must come from an understanding of motives; live mathematical development
specific natural problems which can easily be understood, but whose solutions are difficult and demand new methods of
more general significance." [R. Courant]
From an early age,
everyone has been fascinated by soap bubbles and soap films. Biologists,
chemists, mathematicians, and
physicists have also been fascinated with the properties of soap bubbles and soap films. Plateau's problem, named in honor
of the Belgian physicist J. A. F. Plateau, is the question of finding the surface of least area spanned by a given Jordan curve.
Plateau carried out a number of experiments connected with the phenomenon of capillarity (e.g., every closed wire bounds
at least one soap film). The theory of capillarity attaches a potential energy to such a surface that is proportional to surface
area. By J. Bernoulli's principle of virtual work, soap films in stable equilibrium correspond to surfaces of minimal area.
Plateau's problem was a great challenge to mathematicians. It was solved for numerous special contours, but a general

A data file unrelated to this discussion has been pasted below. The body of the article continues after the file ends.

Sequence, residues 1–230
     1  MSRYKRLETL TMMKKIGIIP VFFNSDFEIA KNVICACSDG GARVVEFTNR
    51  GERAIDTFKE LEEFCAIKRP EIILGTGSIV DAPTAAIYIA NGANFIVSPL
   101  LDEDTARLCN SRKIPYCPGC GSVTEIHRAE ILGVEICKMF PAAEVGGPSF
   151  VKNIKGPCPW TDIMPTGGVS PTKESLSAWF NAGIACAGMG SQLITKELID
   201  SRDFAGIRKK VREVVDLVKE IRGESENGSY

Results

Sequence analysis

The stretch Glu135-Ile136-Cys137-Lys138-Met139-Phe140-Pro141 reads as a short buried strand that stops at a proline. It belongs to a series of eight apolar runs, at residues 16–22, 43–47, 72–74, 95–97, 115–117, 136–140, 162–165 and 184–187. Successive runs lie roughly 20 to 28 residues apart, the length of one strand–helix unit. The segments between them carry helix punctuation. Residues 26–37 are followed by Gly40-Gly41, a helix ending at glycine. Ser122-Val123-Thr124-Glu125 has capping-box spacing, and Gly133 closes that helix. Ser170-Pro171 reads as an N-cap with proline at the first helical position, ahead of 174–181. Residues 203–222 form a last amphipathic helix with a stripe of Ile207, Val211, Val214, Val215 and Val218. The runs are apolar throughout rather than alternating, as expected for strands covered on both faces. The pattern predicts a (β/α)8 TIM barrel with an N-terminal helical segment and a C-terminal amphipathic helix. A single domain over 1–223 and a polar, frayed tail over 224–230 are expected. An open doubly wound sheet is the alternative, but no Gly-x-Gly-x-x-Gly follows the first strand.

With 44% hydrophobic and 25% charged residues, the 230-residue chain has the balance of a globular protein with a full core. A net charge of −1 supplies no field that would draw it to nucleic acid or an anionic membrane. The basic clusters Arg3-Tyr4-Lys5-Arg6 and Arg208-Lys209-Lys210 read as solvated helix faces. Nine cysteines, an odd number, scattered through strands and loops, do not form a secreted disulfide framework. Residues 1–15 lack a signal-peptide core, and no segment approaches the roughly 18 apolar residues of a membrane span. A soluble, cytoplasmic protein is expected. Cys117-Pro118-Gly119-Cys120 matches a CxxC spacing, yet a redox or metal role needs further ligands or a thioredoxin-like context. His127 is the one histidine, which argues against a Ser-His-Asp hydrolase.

solution was found by Douglas and simultaneously by Rado in the 1930s. Plateau's problem and related questions provided
the impetus for the development of new solution techniques in the study of partial differential equations.
In this course, we will begin
with a study of the shapes of liquid drops, bubbles, and soap films using
equation and the equations of Poisson and Laplace for related problems. We will carry out a rigorous treatment of
Plateau's Problem and the partial differential equations for surfaces of constant mean curvature. Finally, we will consider
the problem of a liquid jet. A jet of fluid issuing from a circular orifice does not retain its cylindrical form, breaking up into
droplets instead. We will consider a variation of this phenomenon when an electric field is applied, leading us to the study
of the Taylor cone-jet problem. The Taylor cone-jet problem leads to a number of challenging mathematical problems in
modeling, analysis, dynamics, and numerical simulation.
A previous course in partial differential equations (such as Math 219)
is useful, but not essential.
Contact the instructor if you are interested in this course or have questions about your background.
Course: Math 231 Topics
in Applied Mathematics CRN: 56207
Mon: 2:20 - 3:35 PM (Duques 360) & Wed: 3:55 - 5:10 (Gelman 502)
Frank Baginski Office: Old Main 105-C 1922
F Street NW
Phone: (202) 994-6269 Email: firstname.lastname@example.org
References (no required textbook)